Senate panel puts money back into university budgets
May 17, 2005
Nevada’s Senate Finance Committee voted Tuesday to add back most of what a joint subcommittee cut out of the university system budgets last week.
Actions by the Senate members of that subcommittee cut $17.5 million from the proposed budget. The Assembly members went even farther, cutting $28.2 million from the $1 billion proposed spending plan.
The decision to restore most of those cuts sets up some serious differences with the Assembly Ways and Means Committee in finalizing the system budget.
The biggest single cut came when lawmakers reclaimed $23.5 million freed up by lower than projected enrollments.
University officials had asked lawmakers to leave that money in the budget, pointing out it would restore the formula funding to 86 percent – which is what it was budgeted at two years ago. At that point, higher than expected enrollments forced the formula down to 84 percent because legislators refused to add in more money.
Formula funding is the basis of the university system’s budget, providing amounts based on the enrollment of the different community college and university campuses. Each percent change in the formula costs the state about $10 million.
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Finance Chairman Bill Raggio, R-Reno, signaled he was at least willing to add back some money, telling university representatives “I’d personally like to stay within the dollar amount already recommended by the governor.”
But he made it clear he didn’t want to put all that money back into the formula.
Minority Leader Dina Titus, D-Las Vegas, a University of Nevada. Las Vegas political science professor, suggested using $10 million to increase the formula by a percent, then putting $13.5 million into the system’s top unfunded priorities: nursing programs, expansion of the medical school and technology.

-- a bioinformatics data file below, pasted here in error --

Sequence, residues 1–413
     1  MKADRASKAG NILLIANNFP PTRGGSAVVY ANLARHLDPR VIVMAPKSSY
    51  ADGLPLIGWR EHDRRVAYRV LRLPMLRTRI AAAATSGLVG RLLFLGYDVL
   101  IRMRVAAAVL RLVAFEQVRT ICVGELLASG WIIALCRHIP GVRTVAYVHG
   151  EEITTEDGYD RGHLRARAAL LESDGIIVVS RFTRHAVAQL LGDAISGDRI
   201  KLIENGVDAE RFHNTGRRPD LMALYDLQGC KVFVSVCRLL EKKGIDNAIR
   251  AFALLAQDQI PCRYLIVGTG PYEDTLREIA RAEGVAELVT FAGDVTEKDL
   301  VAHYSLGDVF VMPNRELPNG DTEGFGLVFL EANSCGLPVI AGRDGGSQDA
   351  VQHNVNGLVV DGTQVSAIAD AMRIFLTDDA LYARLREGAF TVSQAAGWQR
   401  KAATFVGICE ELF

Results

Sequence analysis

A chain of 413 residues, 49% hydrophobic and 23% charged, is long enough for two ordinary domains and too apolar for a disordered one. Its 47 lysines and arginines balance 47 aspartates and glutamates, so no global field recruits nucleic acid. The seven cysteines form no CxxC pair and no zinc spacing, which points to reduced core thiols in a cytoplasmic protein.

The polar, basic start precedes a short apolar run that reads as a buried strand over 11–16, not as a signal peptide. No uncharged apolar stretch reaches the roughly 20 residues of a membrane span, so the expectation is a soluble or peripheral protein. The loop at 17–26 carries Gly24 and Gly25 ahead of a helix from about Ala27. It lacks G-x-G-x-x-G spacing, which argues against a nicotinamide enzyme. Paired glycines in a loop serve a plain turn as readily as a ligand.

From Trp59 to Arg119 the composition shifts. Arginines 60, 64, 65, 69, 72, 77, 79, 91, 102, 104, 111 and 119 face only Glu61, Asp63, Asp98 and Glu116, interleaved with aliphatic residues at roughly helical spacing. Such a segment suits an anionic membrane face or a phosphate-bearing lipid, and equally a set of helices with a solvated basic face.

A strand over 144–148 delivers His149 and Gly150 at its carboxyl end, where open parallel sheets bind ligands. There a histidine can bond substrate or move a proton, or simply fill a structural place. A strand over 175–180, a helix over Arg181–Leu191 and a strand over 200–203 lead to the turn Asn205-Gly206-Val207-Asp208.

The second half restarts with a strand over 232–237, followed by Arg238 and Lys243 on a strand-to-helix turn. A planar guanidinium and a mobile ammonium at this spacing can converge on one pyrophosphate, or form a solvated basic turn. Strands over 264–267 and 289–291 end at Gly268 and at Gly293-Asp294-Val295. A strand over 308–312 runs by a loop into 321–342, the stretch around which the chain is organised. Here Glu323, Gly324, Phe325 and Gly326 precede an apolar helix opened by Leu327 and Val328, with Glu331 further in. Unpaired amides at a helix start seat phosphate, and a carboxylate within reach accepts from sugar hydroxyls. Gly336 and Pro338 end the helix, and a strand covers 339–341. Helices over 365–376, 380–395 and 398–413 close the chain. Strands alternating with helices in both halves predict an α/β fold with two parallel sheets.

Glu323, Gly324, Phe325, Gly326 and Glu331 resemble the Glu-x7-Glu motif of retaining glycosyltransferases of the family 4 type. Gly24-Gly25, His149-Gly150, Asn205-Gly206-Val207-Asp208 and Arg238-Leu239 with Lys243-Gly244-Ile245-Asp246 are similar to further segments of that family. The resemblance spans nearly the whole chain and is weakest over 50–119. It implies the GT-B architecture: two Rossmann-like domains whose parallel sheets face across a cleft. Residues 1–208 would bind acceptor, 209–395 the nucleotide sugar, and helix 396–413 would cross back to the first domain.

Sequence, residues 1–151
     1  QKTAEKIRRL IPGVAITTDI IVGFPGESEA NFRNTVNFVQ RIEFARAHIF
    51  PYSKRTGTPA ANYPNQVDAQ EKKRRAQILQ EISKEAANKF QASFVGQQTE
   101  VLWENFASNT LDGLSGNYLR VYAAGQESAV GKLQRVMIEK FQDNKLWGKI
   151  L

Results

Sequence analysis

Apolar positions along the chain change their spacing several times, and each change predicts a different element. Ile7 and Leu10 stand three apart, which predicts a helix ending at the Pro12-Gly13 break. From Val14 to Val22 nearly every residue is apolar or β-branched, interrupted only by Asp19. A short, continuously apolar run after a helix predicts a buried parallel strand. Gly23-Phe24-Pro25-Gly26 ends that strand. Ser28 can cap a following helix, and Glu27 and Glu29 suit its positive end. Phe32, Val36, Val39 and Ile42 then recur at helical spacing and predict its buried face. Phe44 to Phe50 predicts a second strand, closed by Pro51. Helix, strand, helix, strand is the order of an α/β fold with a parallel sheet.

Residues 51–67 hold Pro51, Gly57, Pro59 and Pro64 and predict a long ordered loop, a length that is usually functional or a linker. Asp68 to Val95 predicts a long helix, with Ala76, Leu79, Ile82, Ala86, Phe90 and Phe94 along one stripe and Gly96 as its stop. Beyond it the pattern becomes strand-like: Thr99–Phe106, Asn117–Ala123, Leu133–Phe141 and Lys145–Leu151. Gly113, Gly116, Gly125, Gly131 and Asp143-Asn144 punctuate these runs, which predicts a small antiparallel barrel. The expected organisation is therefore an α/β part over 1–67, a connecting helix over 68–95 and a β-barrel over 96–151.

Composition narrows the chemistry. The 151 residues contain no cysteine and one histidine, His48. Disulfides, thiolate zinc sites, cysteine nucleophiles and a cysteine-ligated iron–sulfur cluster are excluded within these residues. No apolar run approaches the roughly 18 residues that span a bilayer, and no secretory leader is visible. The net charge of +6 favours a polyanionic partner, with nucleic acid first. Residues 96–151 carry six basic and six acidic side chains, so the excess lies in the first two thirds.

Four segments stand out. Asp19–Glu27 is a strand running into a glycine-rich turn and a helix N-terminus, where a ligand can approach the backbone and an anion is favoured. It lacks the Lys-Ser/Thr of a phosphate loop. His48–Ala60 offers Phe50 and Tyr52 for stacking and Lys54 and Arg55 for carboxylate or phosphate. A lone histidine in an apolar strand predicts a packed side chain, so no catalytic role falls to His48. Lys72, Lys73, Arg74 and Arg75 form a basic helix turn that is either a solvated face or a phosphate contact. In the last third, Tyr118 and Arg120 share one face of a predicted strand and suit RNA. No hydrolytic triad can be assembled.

Vice Chancellor Danny Klaich said adding $3 million to cover the cost-of-living raises for professors and professional staff, $4.3 million for the medical school, $4 million for nursing and $2.2 million for technology would work out just about right.
The committee approved those changes.
Another major difference from the Assembly plan is over the handling of merit pay for university top professors. The Assembly committee voted not to allow merit pay for professors who are at the top of their scale or above.
Jim Richardson of the Nevada Faculty Alliance told Senators that tells senior people “by the way, you can never get a merit increase in the future.”
“The action of the Assembly subcommittee was perhaps the most destructive thing they did in terms of our ability to hire and retain faculty,” he said.
Senators voted to allow top-scale faculty to apply for merit raises.
Another bone of contention between the Senate and Assembly was the addition of staff to support the dental school, which is heading for its fourth year of operation.
Dental school officials say that means the Legislature must add the money to provide the intensive clinical training for the school’s first senior class. Assembly members voted to add enough funding to provide the same teacher-student ratio as it provides for second- and third-year students. That would cost about $1 million a year.
School officials balked, saying to ensure first-class training for new dentists, they need a ratio of 1:6 – not double that or higher.
Senators agreed and voted to add the full $2.8 million each year recommended by the governor to hire 26 new faculty at the Las Vegas school.
– Contact reporter Geoff Dornan at email@example.com or 687-8750.